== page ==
Second, the Preamble had expanded from 44 words that simply introduced the document, to a total of 52 words that not only explained the document’s intention, which was to establish a new government for the United States, but eloquently articulated the purposes of that new government. Those purposes included establishing justice, insuring domestic tranquility, providing for the common defense, promoting general welfare, and securing the blessings of liberty.

On September 15, the delegates were in agreement and ordered that a final draft be engrossed on parchment. On September 17, thirty-nine delegates signed the Constitution and sent it to Congress for its approval, before it would be sent to the states for their ratification.

Text adapted from "George Washington’s Printed Draft of the Constitution and Mike Wilkins’s Preamble" (May/June 2009) in the National Council for the Social Studies (NCSS) publication Social Education.
This primary source comes from the Records of the Continental and Confederation Congresses and the Constitutional Convention.
National Archives Identifier: 1501555
Full Citation: George Washington's Annotated Copy of a Draft of the U.S. Constitution; 1789; Official Records of the Constitutional Convention of 1787; Records of the Continental and Confederation Congresses and the Constitutional Convention, ; National Archives Building, Washington, DC. [Online Version, https://docsteach.org/documents/document/washington-annotated-draft-constitution, January 23, 2022]


George Washington's Annotated Copy of a Draft of the U.S. Constitution

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George Washington's Annotated Copy of a Draft of the U.S. Constitution

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George Washington's Annotated Copy of a Draft of the U.S. Constitution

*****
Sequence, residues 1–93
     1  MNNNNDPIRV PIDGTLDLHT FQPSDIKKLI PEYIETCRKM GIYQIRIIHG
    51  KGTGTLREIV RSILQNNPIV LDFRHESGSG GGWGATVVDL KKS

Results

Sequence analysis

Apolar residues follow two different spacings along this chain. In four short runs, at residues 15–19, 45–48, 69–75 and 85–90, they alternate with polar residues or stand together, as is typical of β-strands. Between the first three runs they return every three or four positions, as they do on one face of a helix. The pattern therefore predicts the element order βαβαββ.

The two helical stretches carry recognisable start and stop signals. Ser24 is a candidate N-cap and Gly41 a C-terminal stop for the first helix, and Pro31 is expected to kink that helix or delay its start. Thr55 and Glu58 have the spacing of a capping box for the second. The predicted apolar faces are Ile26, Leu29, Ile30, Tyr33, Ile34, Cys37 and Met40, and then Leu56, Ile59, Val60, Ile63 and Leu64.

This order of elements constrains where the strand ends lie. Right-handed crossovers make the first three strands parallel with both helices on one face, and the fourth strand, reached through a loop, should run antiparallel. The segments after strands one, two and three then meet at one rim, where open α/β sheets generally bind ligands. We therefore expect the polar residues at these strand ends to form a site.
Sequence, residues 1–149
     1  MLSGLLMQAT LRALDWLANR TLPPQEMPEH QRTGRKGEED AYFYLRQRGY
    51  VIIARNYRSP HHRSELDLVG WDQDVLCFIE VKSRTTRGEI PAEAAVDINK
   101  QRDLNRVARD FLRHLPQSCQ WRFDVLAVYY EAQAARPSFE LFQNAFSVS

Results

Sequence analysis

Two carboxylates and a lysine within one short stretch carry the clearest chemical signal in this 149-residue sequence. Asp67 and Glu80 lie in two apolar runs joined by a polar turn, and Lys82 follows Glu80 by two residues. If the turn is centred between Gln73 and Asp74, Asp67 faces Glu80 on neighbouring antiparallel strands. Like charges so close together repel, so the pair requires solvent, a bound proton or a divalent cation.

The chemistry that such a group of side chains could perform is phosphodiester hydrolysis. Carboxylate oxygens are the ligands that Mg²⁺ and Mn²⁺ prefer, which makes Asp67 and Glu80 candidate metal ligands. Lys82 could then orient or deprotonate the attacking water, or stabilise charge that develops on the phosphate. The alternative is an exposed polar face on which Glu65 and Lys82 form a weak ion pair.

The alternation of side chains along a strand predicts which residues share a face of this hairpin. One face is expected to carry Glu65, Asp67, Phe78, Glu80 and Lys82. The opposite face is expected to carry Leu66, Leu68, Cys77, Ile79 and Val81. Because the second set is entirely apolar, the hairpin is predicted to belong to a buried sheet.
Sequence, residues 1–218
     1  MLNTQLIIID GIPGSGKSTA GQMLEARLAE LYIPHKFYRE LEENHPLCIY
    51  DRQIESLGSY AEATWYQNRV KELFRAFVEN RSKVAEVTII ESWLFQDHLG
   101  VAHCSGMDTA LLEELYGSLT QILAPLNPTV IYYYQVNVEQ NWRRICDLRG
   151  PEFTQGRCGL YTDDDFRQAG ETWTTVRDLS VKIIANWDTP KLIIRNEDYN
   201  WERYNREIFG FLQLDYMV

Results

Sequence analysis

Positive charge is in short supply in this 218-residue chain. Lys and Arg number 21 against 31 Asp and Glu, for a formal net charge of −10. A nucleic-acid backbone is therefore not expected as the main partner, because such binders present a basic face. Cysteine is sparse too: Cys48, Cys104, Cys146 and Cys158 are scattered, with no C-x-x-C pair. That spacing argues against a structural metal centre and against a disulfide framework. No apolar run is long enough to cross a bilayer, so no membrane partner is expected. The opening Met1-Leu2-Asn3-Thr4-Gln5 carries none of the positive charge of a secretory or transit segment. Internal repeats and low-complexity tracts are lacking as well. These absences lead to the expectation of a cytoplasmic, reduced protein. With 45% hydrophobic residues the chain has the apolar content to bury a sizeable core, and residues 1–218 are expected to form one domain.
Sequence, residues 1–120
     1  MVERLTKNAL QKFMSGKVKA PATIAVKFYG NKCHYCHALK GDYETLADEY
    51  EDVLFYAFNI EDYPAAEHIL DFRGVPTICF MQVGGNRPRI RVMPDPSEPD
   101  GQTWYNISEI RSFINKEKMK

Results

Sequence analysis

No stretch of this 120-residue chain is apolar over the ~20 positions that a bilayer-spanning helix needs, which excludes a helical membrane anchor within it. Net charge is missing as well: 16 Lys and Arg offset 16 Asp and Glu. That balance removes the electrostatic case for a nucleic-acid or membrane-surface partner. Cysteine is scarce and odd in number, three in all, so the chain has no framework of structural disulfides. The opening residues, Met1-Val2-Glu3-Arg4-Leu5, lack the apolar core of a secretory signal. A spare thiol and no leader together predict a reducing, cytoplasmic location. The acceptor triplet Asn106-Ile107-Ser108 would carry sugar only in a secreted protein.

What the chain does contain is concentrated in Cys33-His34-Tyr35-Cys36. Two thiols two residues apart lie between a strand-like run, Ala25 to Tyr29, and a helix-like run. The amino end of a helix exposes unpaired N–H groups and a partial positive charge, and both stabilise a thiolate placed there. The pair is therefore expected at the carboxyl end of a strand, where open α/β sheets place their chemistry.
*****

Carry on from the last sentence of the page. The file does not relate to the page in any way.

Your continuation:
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George Washington's Annotated Copy of a Draft of the U.S. Constitution

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George Washington's Annotated Copy of a Draft of the U.S. Constitution

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George Washington's Annotated Copy of a Draft of the U.S. Constitution

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Document

[Printed version of the United States Constitution] Resolve Book of the Office of Foreign Affairs

9/28/1787

Th[e] volume [in which this document is bound] consists mainly of copies of orders and resolutions by the Confederation Congress with a few by the Senate of the First Federal Congress. Included are printed copies of "An Ordinance for the Regulation of Indian Affairs," 1786; "An Ordinance for the Government of the Territory of the United States Northwest of the River Ohio," 1787; the Constitution [images shown here]; and the acts establishing the Department of Foreign Affairs and the Department of State.

Additional details from our exhibits and publications

On September 17, 1787, the delegates to the Constitutional Convention completed their work and sent a signed parchment copy of the Constitution—along with hundreds of copies printed by John Dunlap and David Claypoole—to the Articles of Confederation Congress then meeting in New York. After further debate, the Confederation Congress sent the Constitution to the state legislatures, who would distribute them to ratifying conventions. The printed version shown here was printed on September 29, 1787, based on the type already set by the New York newspaper the Independent Journal. It was then placed in the Resolve Book of the Office for Foreign Affairs.
This primary source comes from the Records of the Continental and Confederation Congresses and the Constitutional Convention.
National Archives Identifier: 2316270
Full Citation: [Printed version of the United States Constitution] Resolve Book of the Office of Foreign Affairs; 9/28/1787; Records of the Continental and Confederation Congresses and the Constitutional Convention, . [Online Version, https://docsteach.org/documents/document/[printed-version-of-the-united-states-constitution]-resolve-book-of-the-office-of-foreign-affairs, January 23, 2022]


[Printed version of the United States Constitution] Resolve Book of the Office of Foreign Affairs

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[Printed version of the United States Constitution] Resolve Book of the Office of Foreign Affairs

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[Printed version of the United States Constitution] Resolve Book of the Office of Foreign Affairs

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[Printed version of the United States Constitution] Resolve Book of the Office of Foreign Affairs